Parents are raising a generation of children who’ve grown up with the Internet, and its steady stream of information constantly a few clicks away.

But policing that access is becoming more of a challenge for parents.

A new study published in the latest edition of ParentsCanada magazine shows 82 per cent of parents feel they have no control over their child’s online activities.

“The translation there is they don’t understand,” editor of ParentsCanada Janice Biehn told CTV’s Canada AM on Monday. “So when you feel out of control, it is because you’re not understanding what they’re doing when they’re online.”

The study looked at a survey of more than 1,600 parents throughout Canada who were asked about how they’re coping with technological advances and the effect on their children.

Lynn Hargrove of computer security software-maker Symantec Canada says it’s no longer acceptable for parents to say, ‘My kid knows more than me’.

“Parents need to become better educated,” she said.   

Regardless of your child’s age, Hargrove said it’s important to have an open dialogue about Internet safety and privacy. 

“You wouldn’t send them out to the mall without talking to them first, so don’t send them onto the Internet without preparing them,” she said.

Privacy settings

Hargrove said even children as young as 7-years-old have the ability to post personal information online.

For children in the 5 to 7 age group, she recommends implementing strong browser settings to prevent access to certain websites and ensuring cell phones are password-protected.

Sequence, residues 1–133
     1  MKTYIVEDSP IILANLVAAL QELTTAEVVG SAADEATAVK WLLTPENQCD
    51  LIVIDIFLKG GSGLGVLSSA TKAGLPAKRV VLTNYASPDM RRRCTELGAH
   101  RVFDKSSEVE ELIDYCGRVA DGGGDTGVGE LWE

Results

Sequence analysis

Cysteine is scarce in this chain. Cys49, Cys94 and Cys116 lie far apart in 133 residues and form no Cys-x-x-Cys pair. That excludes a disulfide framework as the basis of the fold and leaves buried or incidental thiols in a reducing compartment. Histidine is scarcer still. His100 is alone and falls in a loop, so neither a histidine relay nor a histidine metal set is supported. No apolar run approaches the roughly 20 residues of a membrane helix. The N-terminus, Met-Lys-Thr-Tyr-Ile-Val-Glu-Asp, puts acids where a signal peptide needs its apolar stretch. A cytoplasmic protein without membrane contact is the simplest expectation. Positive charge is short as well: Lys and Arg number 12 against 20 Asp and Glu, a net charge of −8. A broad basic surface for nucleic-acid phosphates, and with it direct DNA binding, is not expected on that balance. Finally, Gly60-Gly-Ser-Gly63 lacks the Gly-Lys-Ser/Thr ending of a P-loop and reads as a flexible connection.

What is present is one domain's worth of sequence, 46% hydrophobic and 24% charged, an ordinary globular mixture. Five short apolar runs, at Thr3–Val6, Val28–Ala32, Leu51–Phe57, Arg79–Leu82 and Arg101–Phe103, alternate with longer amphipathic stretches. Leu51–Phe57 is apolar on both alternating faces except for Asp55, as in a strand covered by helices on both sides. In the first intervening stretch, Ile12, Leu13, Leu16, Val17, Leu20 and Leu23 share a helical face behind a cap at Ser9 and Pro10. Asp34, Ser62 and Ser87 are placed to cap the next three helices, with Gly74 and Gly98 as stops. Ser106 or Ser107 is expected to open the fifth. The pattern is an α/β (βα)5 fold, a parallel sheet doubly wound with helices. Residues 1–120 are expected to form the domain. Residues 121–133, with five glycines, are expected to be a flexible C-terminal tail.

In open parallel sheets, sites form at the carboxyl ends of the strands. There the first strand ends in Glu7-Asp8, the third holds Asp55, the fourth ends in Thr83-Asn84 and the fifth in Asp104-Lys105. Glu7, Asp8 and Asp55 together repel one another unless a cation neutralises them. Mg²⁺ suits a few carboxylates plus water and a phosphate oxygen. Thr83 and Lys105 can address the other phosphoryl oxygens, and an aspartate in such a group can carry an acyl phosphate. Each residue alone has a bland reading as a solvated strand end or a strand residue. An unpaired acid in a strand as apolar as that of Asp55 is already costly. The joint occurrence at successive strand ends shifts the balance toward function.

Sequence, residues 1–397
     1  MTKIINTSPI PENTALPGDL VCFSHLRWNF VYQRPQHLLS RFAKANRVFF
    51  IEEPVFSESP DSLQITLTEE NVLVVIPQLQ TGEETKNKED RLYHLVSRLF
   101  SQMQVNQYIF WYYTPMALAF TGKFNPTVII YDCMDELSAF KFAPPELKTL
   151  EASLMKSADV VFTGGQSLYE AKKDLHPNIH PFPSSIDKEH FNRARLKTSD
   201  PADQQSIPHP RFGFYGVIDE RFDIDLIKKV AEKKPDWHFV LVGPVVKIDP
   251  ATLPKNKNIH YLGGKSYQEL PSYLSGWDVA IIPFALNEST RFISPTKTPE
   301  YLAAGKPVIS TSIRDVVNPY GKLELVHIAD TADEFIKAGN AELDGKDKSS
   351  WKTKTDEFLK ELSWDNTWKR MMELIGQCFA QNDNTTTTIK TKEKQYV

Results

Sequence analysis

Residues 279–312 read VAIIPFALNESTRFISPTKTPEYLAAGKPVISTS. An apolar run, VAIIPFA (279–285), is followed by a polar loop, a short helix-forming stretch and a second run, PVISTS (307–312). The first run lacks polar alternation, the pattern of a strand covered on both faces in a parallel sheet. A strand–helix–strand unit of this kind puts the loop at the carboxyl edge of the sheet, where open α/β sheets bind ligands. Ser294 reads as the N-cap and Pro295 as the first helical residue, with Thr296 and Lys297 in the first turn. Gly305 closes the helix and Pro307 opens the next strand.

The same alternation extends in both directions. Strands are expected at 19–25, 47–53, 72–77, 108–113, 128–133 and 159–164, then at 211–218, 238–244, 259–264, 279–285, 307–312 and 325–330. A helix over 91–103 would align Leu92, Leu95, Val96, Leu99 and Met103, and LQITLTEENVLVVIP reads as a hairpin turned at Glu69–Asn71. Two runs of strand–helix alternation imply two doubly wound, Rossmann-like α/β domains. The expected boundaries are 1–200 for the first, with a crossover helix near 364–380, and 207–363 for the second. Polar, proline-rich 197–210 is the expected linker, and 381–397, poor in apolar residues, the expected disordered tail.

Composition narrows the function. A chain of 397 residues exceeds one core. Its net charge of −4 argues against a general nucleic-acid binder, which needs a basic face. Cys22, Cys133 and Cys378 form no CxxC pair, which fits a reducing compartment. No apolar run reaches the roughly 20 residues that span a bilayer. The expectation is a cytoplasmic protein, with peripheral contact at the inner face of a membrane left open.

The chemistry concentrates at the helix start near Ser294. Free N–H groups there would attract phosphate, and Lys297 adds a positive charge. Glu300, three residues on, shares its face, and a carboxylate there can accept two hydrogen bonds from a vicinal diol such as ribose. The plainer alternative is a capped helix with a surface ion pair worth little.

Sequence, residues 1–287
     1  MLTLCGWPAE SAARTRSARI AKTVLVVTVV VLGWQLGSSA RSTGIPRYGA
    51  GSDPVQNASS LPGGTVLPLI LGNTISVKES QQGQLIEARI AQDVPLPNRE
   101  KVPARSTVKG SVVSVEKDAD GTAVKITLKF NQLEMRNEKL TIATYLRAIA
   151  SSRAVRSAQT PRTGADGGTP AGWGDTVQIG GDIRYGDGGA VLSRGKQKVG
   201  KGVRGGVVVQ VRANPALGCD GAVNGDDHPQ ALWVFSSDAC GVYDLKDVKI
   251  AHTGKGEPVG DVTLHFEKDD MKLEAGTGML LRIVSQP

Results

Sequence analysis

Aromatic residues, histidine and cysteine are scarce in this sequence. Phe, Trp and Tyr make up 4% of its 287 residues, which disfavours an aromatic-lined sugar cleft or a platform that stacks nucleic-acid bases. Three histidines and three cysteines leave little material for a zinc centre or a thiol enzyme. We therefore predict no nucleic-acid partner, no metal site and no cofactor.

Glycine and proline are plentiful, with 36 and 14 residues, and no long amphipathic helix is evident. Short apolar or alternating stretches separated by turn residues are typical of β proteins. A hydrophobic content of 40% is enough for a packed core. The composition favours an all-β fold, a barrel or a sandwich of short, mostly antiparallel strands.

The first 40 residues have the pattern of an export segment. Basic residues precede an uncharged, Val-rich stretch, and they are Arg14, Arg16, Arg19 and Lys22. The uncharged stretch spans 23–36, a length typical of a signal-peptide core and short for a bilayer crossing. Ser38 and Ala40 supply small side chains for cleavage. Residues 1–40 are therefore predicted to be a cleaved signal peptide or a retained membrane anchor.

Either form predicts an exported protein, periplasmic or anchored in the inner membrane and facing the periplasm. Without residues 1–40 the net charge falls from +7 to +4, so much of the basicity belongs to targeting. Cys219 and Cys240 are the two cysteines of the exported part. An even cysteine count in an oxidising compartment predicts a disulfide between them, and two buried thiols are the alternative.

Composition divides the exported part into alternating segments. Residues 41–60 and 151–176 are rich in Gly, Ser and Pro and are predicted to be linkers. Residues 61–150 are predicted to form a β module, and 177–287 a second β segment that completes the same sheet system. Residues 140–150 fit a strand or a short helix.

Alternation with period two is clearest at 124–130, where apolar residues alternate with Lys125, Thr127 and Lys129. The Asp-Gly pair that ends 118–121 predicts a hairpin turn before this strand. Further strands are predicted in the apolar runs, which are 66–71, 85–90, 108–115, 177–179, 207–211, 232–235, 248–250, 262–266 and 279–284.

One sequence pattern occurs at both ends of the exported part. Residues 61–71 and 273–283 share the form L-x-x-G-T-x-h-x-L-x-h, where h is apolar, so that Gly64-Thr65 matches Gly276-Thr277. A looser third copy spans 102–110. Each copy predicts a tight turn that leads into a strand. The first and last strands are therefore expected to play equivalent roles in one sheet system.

Hargrove said parents should talk to children about what websites they visit and who they chat with online. Once a dialogue of trust is established, parents can ask their children if they’ve ever been to a website that’s made them uncomfortable.


When children are in the 7 to 12 age group, parents should have a conversation about cyberbullying and the ramifications of posting photos and videos online.

“If (children) post it, make sure they realize it’s like shouting out in your schools’ cafeteria, because that’s what it’s like,” Biehn said. “It doesn’t go away.”

Facebook friends

Biehn said friending your teenage children on Facebook could be an easy way to encourage them to think twice about what they’re posting.

“I always tell my kids, don’t put anything on your Facebook page that you would feel embarrassed if I saw it.”

Have your own cyber safety tip? Share them with us in the comments below.